But having kids in the house can ease the workload a bit if you make them responsible for some of the routine chores you generally do yourself.

“Giving kids chores not only builds character but gives them a sense of purpose and value,” says Denver homemaker Emily Cates, who blogs on organized homemaking. “Even the youngest can do their part and free you to do what you have to.”

Cates, a mother of four including six-year old twins, lists age-appropriate chores for children, suggesting you post a chart in the kitchen so kids can check off their daily achievements before Santa comes to town:

Kids Under Five:

  • Put their toys away
  • Put dirty clothes in the hamper
  • Bring in the mail
  • Help tidy the family room
  • Help feed the pet
  • Help dust

Ages 5-7:

  • Any of above, plus…
  • Set the table
  • Water indoor plants
  • Answer the telephone
  • Sweep outside walk
  • Help put away groceries
  • Help load dishwasher

Age 8-10:

  • Any of above, plus…
  • Sort laundry into proper loads
  • Fold finished laundry
  • Take out the garbage
  • Take trash barrels to curb on collection day
  • Clean the bathroom sink
  • Use hand-held vacuum to clean small floor areas
  • Help prepare dinner
  • Run his/her own bath

Age 10 and over:

  • Any of above, plus…
  • Load washing machine, move clothes to dryer
  • Clean toilet, bathroom and mirrors
  • Vacuum
  • Make lunches
  • Clean up the pet business from backyard
  • Walk the pet
  • Help with dinner preparation
  • Load and unload dishwasher
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Top Tips for Training Your Dog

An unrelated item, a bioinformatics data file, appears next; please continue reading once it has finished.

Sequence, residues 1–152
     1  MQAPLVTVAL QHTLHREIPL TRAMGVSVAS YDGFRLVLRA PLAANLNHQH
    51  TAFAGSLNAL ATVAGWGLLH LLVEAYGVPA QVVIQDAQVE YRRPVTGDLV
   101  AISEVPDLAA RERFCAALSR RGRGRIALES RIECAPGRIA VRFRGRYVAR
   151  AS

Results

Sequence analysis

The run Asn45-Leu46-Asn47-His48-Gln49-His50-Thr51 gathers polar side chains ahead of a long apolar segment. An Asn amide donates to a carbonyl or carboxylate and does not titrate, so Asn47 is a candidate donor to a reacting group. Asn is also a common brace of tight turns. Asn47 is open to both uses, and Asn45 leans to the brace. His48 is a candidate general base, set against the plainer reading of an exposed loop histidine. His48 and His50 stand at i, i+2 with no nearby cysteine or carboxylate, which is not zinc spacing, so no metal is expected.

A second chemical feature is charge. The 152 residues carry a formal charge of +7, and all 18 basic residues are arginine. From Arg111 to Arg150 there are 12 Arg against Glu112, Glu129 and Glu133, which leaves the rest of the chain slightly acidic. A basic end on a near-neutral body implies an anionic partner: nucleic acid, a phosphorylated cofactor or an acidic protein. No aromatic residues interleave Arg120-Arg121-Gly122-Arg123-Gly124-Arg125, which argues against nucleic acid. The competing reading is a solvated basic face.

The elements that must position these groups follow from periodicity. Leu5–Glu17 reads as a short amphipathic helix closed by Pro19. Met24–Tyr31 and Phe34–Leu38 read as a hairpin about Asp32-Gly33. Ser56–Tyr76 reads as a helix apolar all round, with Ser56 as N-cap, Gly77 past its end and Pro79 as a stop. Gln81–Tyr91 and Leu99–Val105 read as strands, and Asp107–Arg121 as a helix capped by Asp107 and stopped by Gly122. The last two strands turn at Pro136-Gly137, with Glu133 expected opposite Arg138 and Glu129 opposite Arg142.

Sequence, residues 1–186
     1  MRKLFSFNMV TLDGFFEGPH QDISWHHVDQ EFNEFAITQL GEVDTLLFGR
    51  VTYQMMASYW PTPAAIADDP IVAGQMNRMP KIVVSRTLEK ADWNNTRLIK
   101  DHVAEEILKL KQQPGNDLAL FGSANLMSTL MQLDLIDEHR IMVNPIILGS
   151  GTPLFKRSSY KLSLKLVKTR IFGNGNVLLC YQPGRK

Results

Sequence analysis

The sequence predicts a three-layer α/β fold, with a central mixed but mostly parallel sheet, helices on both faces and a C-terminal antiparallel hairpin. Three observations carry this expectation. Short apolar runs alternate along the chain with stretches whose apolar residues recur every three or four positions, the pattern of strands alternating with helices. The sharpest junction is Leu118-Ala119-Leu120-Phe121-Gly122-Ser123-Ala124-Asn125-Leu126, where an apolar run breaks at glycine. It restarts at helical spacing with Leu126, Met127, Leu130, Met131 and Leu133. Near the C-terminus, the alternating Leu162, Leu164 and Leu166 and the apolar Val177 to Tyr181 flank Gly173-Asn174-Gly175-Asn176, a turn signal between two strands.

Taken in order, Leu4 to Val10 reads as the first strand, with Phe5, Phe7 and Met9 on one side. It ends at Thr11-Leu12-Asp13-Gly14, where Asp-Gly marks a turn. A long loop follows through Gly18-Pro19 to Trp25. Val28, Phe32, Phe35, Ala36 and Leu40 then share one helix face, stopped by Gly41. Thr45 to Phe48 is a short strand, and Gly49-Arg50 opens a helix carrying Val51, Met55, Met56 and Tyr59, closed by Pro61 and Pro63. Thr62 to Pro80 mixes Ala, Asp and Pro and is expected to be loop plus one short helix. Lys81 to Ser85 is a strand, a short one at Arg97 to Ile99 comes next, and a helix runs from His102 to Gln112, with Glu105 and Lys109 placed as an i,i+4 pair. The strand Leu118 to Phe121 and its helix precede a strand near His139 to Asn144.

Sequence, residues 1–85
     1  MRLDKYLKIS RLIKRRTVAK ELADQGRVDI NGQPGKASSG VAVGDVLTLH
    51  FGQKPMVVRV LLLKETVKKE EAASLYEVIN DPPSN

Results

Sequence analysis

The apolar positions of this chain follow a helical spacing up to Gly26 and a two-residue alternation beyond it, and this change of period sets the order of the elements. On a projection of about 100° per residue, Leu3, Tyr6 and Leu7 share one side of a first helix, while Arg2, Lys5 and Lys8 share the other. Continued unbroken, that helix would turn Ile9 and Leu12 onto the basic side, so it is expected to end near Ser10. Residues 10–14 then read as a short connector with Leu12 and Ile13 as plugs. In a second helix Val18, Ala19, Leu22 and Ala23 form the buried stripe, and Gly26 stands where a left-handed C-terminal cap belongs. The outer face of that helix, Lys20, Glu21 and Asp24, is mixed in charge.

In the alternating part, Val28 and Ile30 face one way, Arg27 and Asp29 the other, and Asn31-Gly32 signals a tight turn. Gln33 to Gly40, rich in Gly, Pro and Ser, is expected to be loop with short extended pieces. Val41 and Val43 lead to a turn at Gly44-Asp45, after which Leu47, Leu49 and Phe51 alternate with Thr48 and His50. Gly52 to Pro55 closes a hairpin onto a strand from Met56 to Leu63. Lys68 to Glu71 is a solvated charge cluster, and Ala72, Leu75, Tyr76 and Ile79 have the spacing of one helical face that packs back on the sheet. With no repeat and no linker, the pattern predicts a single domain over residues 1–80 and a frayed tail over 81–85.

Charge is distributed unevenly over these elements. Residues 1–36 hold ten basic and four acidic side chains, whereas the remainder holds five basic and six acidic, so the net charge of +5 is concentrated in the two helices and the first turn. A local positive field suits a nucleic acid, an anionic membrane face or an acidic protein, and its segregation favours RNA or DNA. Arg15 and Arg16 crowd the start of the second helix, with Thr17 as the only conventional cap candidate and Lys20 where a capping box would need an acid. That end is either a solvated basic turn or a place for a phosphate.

December 11, 2012 6:10 pm

(Family Features) Sit. Stay. Heel. These simple commands can make a huge difference in the life of a pet parent. Whether you’re introducing a new dog or puppy to the family, or you have a dog with some behavior issues, training can help ensure a well-adjusted pet and a happier family.

According to the American Kennel Club, dog training can:

  • Help your dog become a welcome member of the family and the neighborhood.
  • Correct behaviors such as jumping on people, digging, chewing and barking.
  • Provide mental and physical activities for your dog.
  • Deepen the bond between you and your dog.
  • Ensure your dog’s happiness and safety.

Training You Can Do at Home

Beyond teaching the basics of sitting and staying, training can include correcting behaviors. One common dog behavior that often needs correcting is jumping on people. “Dogs are sociable animals and often sniff muzzles when they greet each other,” says Debbie McKnight, training expert for PetSmart. “A dog that jumps on someone to greet them is often trying to make contact with the person’s face. It’s important to teach them an acceptable alternative for these social situations.”

Teaching your dog to sit first and then allow interaction can be a good solution. Here are helpful tips on how to make your pet a great greeter:

  • Have everyone that interacts with your dog ask him to sit as he approaches them.
  • If he sits, they can bend down to greet him.
  • If he jumps up, they stand up immediately, fold their arms and stare at the ceiling, repeating the signal to sit.
  • As soon as he sits, reward him by continuing with the greeting.
It’s important to reward your pet so they are constantly being reminded of how to behave.

Take Your Dog to School

Professional training classes are beneficial for many dogs and are available for several different levels, from basic classes that can help them socialize properly, to more advanced classes that can keep them safe and correct behaviors. Goals for each level of training are different and are set by the pet owner based on what they learn in class.

For example:

Beginner dog goals may include:

  • Not jumping on people
  • Loose leash walk around the block

Intermediate dog goals may include:

  • Three minute down-stay
  • Heeling down the block

Advanced dog goals may include:

  • Heeling through a crowd
  • “Go to your bed” when the doorbell rings
  • Coming when called at the dog park

Professional training is a complement to what you do at home, and practice is important at all levels. As a dog progresses through training, pet parents should make the behaviors they ask for harder during everyday practice. So rather than a basic sit before his meal, for example, try a sit-stay command for 15 seconds from 10 feet away.